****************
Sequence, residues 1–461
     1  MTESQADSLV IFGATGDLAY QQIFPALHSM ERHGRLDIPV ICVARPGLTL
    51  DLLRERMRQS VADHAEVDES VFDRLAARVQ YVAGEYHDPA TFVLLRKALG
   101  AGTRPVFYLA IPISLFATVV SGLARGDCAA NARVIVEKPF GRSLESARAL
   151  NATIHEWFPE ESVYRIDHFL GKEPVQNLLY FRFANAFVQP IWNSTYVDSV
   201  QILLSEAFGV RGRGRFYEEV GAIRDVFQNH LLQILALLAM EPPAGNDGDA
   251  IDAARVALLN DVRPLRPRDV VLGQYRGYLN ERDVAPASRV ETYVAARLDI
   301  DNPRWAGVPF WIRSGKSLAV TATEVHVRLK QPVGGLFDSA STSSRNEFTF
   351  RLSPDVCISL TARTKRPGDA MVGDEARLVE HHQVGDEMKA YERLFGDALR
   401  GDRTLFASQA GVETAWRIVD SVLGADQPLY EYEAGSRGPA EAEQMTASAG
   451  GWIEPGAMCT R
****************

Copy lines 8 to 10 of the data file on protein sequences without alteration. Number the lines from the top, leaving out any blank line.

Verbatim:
   301  DNPRWAGVPF WIRSGKSLAV TATEVHVRLK QPVGGLFDSA STSSRNEFTF
   351  RLSPDVCISL TARTKRPGDA MVGDEARLVE HHQVGDEMKA YERLFGDALR
   401  GDRTLFASQA GVETAWRIVD SVLGADQPLY EYEAGSRGPA EAEQMTASAG